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USA 1986
Directed by
Martin Scorsese
119 minutes
Rated M

Reviewed by
Bernard Hemingway
2.5 stars

The Color Of Money

You’d be forgiven for thinking that if any director could do justice to a sequel to Robert Rossen’s 1961 classic it would be Martin Scorsese but The Color of Money stands to The Hustler as ‘The Da Vinci Code’ stands to The Good Book. Not only does Scorsese not try to emulate the spare realist style of the black and white original he doesn’t bring his trade-mark cinematic flair to the next generation story of ‘Fast Eddie’ Felson.

Paul Newman is back as Eddie, now retired from playing pool and making a tidy living selling no-name liquor. One day a young hot-shot player Vincent Lauria (Tom Cruise) walks into the bar that Eddie frequents and the old dog sees in him a suitable heir. But he doesn’t count on the arrogance of modern youth and once they hit the road accompanied by Vincent's girlfriend, Carmen (Mary Elizabeth Mastrantonio) the two men are constantly at loggerheads, eventually falling out.  

If Scorsese’s direction is remarkably unremarkable, partly due to Michael Ballhaus's admittedly appropriate '70s low budget-style cinematography, Richard Price’s script suffers from a lack of well-developed characters and dramatic cohesion. Yes Newman is back but he no longer has that defining boyish twinkle that made him a huge star in the ‘50s and ‘60s and made Fast Eddie such a charmer.  Twenty-five years down the track and Eddie’s now closer to George C. Scott’s Bert Gordon in the original, a man whose world view has been tempered by a life-time of hustling, This could have led to something interesting as with the wisdom of hindsight Eddie tries to take Vincent to the big time but instead about half-way through the story the two bust-up and Eddie starts playing solo. Why he does so, other than to lead to a table show-down between the two, is not apparent.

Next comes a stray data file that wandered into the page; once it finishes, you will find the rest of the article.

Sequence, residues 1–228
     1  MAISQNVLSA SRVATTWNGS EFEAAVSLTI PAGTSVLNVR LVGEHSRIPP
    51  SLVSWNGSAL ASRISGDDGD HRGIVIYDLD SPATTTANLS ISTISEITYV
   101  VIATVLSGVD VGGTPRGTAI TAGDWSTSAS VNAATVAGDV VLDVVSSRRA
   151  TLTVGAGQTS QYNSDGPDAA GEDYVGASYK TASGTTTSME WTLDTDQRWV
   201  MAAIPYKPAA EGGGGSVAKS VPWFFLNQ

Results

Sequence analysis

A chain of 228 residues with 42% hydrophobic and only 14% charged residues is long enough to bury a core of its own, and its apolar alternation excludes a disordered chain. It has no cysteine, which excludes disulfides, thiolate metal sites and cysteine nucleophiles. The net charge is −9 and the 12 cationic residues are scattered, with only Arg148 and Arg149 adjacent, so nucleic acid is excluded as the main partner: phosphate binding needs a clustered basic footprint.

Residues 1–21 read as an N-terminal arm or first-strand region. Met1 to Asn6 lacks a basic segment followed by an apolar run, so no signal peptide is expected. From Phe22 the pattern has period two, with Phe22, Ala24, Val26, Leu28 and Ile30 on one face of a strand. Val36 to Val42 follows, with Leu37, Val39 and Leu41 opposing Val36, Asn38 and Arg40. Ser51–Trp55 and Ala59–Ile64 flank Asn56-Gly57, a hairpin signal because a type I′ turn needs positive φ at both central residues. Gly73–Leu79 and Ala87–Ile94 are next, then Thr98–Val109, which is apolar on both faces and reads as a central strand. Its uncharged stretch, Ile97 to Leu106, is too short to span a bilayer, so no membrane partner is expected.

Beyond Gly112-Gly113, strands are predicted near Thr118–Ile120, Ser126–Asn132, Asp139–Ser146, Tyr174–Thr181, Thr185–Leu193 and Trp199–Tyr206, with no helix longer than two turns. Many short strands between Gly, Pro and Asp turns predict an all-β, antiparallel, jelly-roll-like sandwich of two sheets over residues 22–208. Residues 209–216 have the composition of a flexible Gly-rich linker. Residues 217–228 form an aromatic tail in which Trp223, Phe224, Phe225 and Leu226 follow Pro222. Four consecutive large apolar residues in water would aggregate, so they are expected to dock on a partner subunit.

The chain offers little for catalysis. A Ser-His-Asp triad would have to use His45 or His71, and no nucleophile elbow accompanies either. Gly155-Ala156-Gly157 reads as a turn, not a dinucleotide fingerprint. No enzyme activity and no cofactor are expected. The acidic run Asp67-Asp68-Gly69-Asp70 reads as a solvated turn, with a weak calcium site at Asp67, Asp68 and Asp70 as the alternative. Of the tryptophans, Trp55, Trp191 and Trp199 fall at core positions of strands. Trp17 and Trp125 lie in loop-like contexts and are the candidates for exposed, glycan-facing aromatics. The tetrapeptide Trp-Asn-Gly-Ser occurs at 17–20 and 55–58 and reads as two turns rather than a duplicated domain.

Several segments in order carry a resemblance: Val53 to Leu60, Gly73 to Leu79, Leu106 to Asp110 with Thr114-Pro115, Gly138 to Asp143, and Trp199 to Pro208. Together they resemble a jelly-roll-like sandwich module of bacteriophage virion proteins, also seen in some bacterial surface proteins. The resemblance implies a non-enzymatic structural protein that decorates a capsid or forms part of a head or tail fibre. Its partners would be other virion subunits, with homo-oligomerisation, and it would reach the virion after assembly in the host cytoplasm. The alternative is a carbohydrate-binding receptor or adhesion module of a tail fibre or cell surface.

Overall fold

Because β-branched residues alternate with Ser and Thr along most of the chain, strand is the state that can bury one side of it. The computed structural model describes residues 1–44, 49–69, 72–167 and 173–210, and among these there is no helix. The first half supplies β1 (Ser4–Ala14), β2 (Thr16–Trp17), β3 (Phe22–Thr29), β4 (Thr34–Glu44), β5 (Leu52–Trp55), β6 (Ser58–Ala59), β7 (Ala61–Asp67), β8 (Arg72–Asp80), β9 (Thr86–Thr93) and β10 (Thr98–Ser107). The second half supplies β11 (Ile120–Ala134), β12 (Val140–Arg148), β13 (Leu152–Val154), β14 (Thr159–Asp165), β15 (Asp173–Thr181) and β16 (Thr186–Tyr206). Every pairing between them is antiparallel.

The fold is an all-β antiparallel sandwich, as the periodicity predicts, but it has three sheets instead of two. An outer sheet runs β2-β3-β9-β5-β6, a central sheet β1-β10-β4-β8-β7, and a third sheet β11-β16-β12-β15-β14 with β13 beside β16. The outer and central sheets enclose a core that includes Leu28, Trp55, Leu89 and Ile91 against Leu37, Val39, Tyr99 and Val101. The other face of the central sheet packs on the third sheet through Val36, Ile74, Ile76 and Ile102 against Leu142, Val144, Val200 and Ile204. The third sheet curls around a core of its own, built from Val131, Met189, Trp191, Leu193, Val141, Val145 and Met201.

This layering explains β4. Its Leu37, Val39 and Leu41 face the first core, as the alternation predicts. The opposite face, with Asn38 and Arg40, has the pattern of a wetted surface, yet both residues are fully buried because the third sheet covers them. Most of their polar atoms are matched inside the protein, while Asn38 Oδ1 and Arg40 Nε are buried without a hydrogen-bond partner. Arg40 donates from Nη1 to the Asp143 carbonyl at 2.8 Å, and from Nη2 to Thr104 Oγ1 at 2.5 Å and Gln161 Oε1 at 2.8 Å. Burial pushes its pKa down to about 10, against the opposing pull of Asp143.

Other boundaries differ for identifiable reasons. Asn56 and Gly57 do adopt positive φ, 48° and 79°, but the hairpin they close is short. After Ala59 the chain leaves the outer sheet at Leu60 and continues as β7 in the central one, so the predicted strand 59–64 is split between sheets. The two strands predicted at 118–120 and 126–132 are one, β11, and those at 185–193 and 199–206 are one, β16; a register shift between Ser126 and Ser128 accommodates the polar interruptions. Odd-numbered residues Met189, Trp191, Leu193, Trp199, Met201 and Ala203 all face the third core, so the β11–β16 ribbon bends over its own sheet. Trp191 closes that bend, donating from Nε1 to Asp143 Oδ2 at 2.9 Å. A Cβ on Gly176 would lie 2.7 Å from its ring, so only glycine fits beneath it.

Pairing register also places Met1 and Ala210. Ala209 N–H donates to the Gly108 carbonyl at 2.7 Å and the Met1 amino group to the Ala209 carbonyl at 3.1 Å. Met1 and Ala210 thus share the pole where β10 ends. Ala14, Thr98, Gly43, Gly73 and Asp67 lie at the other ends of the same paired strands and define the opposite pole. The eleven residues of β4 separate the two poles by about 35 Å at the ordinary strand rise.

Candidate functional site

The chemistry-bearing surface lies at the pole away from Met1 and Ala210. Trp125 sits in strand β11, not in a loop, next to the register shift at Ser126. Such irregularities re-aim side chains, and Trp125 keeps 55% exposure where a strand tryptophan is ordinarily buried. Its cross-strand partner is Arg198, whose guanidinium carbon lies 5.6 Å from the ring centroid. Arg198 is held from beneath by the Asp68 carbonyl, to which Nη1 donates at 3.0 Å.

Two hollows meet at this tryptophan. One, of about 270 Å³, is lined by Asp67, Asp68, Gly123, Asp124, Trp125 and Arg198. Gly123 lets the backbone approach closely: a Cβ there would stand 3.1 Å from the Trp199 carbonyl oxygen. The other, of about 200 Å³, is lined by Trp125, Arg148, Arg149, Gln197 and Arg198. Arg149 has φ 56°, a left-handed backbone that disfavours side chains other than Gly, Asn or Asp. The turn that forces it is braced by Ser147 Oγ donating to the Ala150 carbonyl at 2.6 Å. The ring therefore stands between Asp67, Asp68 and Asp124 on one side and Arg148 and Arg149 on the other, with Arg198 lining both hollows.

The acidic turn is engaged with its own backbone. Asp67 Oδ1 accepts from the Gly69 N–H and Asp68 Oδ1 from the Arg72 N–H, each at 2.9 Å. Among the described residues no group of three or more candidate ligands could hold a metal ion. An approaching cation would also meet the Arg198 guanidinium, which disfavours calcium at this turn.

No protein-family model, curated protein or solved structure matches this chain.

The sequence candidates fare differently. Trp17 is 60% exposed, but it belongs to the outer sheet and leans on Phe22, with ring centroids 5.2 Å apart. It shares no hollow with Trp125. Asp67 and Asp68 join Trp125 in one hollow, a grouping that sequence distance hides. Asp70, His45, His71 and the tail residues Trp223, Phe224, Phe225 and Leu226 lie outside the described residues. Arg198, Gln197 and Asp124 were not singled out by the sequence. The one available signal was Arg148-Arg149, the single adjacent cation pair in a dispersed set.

In one sense the split takes us to the most effective part of the film, on the one hand relieving us of Cruise’s manic antics (his interpretation of what Eddie calls “flakiness”), on the other leaving us with the eminently watchable Newman and Fast Eddie, the only character, bar  Eddie’s girlfriend,(Helen Shaver) as of any credible depth. Mastrantonio is not trashy enough for her part let alone having none of the pathos of Piper Laurie’s character and Forest Whitaker as a hustler who bests Eddie is no Jackie Gleason. Rather both are dutiful types (she was much better suited to her 1983 screen debut as Tony Montana's "nice girl' sister in Scarface). The film’s non-resolving ending, which seems like it is intended to lead to its own sequel, is particularly ill-judged.

Had this film not been a sequel to a gilt-edged classic and had it not been directed by Scorsese it may not have been any better but at least the sense of disappointment wouldn’t have been so acute.

FYI: Iggy Pop makes a brief non-musical appearance as one of Vincent’s victims. Newman won the Best Actor that year but more in recognition of a career that had earned him eight nominations but no win




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